Properties suffer ‘down valuations’ as banks fear house price falls
Lenders refuse to offer mortgages large enough to cover the agreed sales price
By Melissa Lawford
Banks and surveyors are “down valuing” as many as half of homes in some parts of the country amid fears sharp house price falls are on the horizon.
Home buyers have been left scrambling for cash as lenders have refused to grant mortgages big enough to cover the agreed sales price. Experts said banks were concerned the cost of living crisis would cause the end of the post-pandemic property boom.
Anthony Harris, of Continuum, a financial advice firm which manages over £1.53bn in mortgages and other assets, said: “I am seeing more than 50pc of purchase applications being down valued at present.”
This level is likely to rise further, he added. "Sellers are asking high prices and there always seems to be more than two buyers who are prepared to enter a bit of a bidding war, pushing up prices further. But the lenders’ surveyors are not supporting the prices agreed."
When surveyors do not agree with the buyer and seller’s valuation of the property, the home is down valued. The prospective buyer must then pay the difference between the valuation and the agreed sales price in cash, or risk the purchase collapsing.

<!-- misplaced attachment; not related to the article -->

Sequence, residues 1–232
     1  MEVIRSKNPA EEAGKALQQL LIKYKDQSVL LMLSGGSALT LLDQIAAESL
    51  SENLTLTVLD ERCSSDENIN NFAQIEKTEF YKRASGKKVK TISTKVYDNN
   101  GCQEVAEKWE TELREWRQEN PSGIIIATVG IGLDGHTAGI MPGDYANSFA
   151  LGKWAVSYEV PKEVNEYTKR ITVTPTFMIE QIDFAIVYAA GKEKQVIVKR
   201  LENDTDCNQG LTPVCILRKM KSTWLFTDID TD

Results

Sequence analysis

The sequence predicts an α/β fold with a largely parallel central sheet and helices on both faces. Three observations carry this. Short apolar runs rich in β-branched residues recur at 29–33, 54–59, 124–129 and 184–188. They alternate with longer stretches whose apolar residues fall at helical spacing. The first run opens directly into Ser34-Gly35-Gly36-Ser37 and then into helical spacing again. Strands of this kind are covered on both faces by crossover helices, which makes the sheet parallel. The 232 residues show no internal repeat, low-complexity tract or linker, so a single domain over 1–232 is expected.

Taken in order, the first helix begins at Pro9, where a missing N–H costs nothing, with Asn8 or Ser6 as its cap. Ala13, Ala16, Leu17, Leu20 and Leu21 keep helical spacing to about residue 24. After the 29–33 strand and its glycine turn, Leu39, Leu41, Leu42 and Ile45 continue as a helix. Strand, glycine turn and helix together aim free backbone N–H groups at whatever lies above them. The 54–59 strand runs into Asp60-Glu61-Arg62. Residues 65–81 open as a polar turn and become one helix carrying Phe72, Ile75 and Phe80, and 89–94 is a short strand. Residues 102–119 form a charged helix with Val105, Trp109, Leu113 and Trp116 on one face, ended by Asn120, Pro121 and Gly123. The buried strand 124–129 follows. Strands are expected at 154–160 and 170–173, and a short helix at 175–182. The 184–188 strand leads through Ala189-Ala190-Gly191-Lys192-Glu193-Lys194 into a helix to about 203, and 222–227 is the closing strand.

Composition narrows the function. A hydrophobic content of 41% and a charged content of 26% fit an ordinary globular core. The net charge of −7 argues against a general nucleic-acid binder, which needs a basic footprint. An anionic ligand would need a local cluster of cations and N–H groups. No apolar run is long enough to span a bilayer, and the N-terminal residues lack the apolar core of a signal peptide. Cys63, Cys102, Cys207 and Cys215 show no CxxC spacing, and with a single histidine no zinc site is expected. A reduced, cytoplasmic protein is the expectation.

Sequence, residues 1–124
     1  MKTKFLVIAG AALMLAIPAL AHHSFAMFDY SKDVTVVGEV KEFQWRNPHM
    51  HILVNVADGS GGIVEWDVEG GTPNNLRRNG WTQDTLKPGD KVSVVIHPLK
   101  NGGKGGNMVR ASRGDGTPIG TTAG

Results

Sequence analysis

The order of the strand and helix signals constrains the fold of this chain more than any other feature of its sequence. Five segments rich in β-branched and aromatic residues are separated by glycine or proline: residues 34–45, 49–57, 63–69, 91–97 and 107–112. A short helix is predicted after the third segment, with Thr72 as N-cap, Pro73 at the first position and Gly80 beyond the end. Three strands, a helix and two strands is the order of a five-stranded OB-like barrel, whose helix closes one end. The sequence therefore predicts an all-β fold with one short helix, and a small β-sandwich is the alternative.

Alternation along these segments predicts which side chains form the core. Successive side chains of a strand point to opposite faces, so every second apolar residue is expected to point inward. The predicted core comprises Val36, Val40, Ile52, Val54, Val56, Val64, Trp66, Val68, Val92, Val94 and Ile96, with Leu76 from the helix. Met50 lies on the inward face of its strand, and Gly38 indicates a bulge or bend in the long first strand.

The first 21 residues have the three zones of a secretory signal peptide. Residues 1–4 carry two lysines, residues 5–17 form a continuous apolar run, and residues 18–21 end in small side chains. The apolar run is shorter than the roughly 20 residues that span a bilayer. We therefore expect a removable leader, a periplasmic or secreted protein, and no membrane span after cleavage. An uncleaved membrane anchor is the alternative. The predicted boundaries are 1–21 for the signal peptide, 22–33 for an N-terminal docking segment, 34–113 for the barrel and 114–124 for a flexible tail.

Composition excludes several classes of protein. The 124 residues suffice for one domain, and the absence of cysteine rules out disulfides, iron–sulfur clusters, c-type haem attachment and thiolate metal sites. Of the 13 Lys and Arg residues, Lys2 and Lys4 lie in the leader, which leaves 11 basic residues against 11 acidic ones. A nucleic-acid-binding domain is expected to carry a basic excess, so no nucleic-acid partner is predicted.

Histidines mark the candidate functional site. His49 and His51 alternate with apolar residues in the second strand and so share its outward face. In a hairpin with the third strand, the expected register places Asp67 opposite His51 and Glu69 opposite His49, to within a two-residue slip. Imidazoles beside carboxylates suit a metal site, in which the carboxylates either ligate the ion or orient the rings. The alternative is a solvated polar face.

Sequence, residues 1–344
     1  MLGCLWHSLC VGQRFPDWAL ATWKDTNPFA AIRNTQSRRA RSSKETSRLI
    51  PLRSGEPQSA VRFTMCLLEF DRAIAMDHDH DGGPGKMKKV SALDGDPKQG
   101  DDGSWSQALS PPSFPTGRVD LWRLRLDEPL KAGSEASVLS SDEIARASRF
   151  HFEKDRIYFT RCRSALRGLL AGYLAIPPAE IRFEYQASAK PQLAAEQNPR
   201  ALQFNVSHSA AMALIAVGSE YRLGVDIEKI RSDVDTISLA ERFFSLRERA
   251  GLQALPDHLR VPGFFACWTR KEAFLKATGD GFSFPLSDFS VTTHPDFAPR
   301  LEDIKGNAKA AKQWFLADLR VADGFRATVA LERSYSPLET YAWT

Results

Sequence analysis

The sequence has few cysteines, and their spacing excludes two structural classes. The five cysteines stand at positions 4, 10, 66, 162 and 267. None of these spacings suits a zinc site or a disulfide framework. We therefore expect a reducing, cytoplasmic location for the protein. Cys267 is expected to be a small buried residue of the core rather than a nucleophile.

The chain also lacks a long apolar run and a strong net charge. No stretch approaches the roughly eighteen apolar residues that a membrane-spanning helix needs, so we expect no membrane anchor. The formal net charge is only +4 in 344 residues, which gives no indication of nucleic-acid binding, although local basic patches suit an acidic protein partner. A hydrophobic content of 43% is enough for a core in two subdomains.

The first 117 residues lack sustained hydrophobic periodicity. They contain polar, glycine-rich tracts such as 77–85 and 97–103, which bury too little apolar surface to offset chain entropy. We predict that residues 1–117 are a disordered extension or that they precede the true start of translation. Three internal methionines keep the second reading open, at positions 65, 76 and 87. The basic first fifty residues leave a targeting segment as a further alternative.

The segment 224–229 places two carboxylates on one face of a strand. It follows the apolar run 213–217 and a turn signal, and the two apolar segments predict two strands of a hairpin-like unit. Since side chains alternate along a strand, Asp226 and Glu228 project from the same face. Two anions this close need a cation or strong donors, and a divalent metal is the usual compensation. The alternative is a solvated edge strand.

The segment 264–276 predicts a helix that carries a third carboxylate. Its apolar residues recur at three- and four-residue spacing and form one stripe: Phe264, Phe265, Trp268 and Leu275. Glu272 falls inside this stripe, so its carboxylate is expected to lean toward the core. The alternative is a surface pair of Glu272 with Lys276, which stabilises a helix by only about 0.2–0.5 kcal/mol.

Mr Harris said a couple buying their first home in Berkshire had to find an extra £30,000 in cash. They had agreed to pay £430,000 for their property but their lender valued the home at £400,000. Another family buying a house in West Sussex agreed to pay £470,000 but had to find a further £20,000 after their high street lender down valued the property to £450,000.
Adrian Anderson, of Anderson Harris mortgage brokers, said: "I expect mortgage valuers will start to be more conservative moving forwards. The heat is coming out of the market and buyers are being a bit more restrained because of rising mortgage interest rates and the cost of living crisis.”
Property transactions are returning to pre-pandemic levels
Official figures released today show property transaction levels are slowly returning to pre-Covid levels as the rising cost of living cools the housing market – but experts warned there would be a steep decline in the months ahead.
There were 110,970 home sales in July, according to HM Revenue & Customs. This was 7.2pc higher than in June and 2.6pc above the five-year pre-Covid July average. However, experts said these figures reflected purchases that were agreed several months earlier.
Jeremy Leaf, a north London estate agent, said: “The market has moved on. Demand is still there but concerns about the rising cost of living and interest rate are prompting a more cautious approach.”
In the months ahead, transaction figures are likely to more clearly reflect the fact that runaway inflation, rising interest rates and soaring energy bills are hitting affordability, experts said.